More often than not, one of the uses of the multi-user space involves some sort of sports. It is critically important to understand what level of sports is intended as this can have important implications. For example, if you are planning on having high school level basketball, you need a specific size court, a wood floor, and some areas to watch from. But if you are just having a play area for youth activities and youth leagues, you can change the size of the court and have different flooring options. Changing the size of the court is one of the strategies we use, because most of our clients don’t need a 60’ wide by 100’ long multi-user space (which is what is needed to fit a 50’x84’ basketball court with some run off room). We like to keep the width consistent (so the three point line and boundaries are the same—I don’t want to mess with someone’s shot) but shorten the length to get the size room we need. This has the second benefit of reducing the amount of running for littler kids and adults in less good shape than they used to be.
We find that it is important in most spaces to try to have the sports equipment disappear when the space is serving other uses. Retractable goals at least move the goal closer to the walls, and some can even be designed to retract out of sight. Moveable basketball goals are a possibility, but they can be expensive and they are very bulky in terms of trying to store them. Volleyball stanchions are easily portable and can slide slots in the floor.
First United Methodist Church, Austin, TX
The space is designed to be both a formal meeting room (it is sited across from the Texas State Capitol) and an active men’s basketball league. This second floor space has a special floor system to mute sound and keep vibrations from disturbing the chapel below.
Another thing to consider with a sports use is protecting the windows and walls from abuse and not placing windows or doors right under the baskets. Depending on the level of play expected, we will occasionally use retractable nets to create protection over large areas of glass or use stronger wall material behind basketball goals. Padding, especially for projecting elements, is also something to consider. With padding, we try to make it removable so other functions can happen without gym pads (and their limited color palette) hanging on the walls.
I have previously blogged about natural light in worship environments, so you may want to read that article, as much of its content can be applied to multi-user spaces. Natural light from windows and skylights makes the space much more bright and cheerful and gives users a relationship to what is happening outdoors. However, natural light --especially in the wrong place (say behind the basketball goal) -- can make many uses difficult, especially if they involve audio-visual needs. Therefore, be sure to consider where and how you can take advantage of natural light -- and how you can control it.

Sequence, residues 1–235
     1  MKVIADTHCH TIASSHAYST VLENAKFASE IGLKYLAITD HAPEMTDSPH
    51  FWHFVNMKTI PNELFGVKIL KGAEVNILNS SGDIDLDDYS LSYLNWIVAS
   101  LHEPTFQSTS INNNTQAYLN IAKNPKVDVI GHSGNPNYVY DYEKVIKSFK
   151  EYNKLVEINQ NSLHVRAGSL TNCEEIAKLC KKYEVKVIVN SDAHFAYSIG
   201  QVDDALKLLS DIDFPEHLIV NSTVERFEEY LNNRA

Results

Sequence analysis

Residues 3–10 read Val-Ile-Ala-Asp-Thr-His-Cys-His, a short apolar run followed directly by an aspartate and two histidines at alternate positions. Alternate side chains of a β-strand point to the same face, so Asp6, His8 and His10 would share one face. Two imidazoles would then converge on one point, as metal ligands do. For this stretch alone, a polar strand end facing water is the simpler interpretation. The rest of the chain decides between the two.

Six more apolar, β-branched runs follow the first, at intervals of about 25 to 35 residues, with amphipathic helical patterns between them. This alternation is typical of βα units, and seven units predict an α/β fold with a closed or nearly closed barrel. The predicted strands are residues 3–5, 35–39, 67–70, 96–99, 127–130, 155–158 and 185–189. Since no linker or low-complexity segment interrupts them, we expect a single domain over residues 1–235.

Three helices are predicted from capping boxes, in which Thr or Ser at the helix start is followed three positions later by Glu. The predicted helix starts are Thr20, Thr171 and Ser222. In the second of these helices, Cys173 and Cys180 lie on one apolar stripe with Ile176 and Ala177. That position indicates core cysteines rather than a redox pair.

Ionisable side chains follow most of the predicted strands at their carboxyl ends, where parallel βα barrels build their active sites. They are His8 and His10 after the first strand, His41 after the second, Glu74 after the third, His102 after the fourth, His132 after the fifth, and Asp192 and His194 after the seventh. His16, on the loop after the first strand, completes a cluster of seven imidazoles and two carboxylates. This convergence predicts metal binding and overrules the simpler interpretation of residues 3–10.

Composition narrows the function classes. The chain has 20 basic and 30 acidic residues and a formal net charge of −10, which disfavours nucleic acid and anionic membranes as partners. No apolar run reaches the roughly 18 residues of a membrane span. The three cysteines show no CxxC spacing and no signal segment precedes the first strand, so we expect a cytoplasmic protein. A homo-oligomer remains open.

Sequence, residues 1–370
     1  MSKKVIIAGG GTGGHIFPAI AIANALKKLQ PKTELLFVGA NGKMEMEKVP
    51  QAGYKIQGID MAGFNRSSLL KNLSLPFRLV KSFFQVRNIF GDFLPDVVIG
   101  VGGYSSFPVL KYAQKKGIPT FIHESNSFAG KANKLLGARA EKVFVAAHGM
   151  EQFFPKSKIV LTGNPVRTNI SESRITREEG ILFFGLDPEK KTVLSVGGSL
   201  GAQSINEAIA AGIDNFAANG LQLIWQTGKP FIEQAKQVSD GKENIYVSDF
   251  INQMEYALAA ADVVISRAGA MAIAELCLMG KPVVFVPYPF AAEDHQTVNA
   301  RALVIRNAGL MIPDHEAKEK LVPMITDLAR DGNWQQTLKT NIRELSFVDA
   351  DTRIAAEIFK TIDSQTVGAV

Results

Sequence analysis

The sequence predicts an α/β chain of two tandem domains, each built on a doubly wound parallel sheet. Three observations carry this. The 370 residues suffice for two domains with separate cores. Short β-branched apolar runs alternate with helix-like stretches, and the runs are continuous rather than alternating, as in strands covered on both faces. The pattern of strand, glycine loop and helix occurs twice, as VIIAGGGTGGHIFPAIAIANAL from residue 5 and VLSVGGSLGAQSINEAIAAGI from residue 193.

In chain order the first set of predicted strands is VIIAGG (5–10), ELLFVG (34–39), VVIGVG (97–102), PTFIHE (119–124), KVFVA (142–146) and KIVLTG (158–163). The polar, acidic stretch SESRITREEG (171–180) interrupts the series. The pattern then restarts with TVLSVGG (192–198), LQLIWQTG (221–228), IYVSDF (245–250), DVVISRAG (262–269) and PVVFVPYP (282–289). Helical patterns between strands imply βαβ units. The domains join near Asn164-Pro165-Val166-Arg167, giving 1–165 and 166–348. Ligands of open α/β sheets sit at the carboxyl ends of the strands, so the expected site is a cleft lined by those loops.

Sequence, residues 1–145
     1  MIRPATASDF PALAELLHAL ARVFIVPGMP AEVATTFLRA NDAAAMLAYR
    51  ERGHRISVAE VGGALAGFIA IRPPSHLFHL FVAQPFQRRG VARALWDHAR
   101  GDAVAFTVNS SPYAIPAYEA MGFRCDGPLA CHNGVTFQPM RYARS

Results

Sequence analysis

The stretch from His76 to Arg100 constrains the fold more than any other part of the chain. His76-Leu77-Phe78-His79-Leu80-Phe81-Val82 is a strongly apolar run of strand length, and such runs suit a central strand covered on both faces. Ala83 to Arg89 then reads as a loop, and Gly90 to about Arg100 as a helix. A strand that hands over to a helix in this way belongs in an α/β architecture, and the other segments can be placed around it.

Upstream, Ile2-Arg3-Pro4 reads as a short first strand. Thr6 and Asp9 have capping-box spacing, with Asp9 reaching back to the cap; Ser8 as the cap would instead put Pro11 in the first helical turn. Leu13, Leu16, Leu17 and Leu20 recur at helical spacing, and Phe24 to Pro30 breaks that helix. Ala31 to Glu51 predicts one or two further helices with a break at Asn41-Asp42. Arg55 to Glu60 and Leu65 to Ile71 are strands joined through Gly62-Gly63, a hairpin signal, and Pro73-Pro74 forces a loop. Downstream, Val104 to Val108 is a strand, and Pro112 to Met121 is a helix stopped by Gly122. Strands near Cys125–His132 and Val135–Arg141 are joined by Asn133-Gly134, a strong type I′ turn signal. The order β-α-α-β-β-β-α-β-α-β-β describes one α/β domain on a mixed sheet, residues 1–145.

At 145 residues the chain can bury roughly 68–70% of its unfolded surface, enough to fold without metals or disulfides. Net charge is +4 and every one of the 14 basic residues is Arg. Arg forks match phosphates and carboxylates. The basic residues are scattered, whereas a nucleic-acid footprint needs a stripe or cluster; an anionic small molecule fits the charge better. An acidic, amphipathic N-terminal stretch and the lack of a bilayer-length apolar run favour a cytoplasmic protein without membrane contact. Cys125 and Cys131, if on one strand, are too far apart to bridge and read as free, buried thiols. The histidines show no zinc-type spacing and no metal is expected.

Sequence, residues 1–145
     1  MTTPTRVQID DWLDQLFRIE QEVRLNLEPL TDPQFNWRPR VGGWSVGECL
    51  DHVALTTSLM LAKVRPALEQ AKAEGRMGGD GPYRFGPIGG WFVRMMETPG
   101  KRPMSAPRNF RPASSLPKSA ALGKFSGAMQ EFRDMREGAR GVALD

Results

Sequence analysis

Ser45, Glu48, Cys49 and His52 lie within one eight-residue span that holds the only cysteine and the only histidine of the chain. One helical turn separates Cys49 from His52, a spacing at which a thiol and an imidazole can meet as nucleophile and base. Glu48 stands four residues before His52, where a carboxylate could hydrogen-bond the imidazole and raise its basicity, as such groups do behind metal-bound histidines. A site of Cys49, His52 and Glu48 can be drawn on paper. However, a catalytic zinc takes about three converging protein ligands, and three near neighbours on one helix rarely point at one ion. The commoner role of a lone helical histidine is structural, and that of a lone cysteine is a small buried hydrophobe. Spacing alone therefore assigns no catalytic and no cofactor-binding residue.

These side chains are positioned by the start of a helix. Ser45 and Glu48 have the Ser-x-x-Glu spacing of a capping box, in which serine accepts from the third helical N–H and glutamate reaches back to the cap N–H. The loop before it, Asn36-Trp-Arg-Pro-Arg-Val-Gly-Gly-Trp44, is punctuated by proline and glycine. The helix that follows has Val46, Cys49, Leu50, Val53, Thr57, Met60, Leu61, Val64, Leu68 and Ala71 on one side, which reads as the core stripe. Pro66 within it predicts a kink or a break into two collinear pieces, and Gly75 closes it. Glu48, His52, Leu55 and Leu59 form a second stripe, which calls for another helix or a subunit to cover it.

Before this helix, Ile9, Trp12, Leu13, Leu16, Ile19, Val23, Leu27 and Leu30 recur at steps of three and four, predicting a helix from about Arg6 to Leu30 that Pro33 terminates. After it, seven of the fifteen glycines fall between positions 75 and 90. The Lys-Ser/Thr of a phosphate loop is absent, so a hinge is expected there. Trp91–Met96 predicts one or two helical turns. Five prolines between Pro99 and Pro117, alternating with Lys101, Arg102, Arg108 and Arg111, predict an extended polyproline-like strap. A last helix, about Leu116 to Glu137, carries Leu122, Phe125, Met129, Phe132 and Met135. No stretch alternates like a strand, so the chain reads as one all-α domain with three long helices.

The various uses of your space will most likely have different lighting needs, in terms of both location and intensity. Fortunately, technology is continuing to evolve to make solving these issues easier. Sports require high, even light levels and light sources that are ready to deal with balls. The old high-intensity lights used in gyms tended to be functional-looking, often had a sickly greenish color, and weren’t dimmable (and Lord help you if you accidentally turned them off; the restart time took forever). Now, compact fluorescent lights and LED lights can give the light levels you want and better control over the light. Banquets often need lower softer light levels and the possibility of controlling lights to highlight areas.
Pendant fixtures can either be functional looking or classy depending on the fixture and how they are placed. Recessed cans can provide a nice even light if you have a hung ceiling; these also can provide dimming options if desired. You will most likely want some up-lighting in the space so that the high ceiling doesn’t seem dark and cavernous